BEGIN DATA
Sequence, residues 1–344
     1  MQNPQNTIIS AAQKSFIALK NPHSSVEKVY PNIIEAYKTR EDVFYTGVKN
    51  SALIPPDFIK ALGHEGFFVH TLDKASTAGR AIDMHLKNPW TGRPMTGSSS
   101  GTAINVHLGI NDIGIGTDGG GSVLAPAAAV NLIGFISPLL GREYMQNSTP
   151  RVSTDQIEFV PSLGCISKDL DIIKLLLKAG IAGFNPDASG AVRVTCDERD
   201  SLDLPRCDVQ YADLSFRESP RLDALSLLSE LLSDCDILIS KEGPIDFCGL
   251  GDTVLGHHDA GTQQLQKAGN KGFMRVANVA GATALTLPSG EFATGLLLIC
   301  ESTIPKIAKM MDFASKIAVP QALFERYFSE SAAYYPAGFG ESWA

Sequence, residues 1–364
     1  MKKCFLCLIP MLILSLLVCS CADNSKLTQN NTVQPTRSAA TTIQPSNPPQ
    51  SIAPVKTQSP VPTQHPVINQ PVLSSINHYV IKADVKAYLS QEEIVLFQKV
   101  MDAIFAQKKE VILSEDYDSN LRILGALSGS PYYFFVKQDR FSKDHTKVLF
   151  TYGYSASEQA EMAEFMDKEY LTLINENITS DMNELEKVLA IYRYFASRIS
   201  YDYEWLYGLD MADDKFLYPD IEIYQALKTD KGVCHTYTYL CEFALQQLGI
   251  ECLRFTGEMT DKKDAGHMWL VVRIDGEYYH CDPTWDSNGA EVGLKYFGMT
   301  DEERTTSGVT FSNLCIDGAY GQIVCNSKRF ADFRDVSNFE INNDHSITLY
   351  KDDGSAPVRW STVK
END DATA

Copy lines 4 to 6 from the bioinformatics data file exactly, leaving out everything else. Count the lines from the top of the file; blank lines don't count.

   101  GTAINVHLGI NDIGIGTDGG GSVLAPAAAV NLIGFISPLL GREYMQNSTP
   151  RVSTDQIEFV PSLGCISKDL DIIKLLLKAG IAGFNPDASG AVRVTCDERD
   201  SLDLPRCDVQ YADLSFRESP RLDALSLLSE LLSDCDILIS KEGPIDFCGL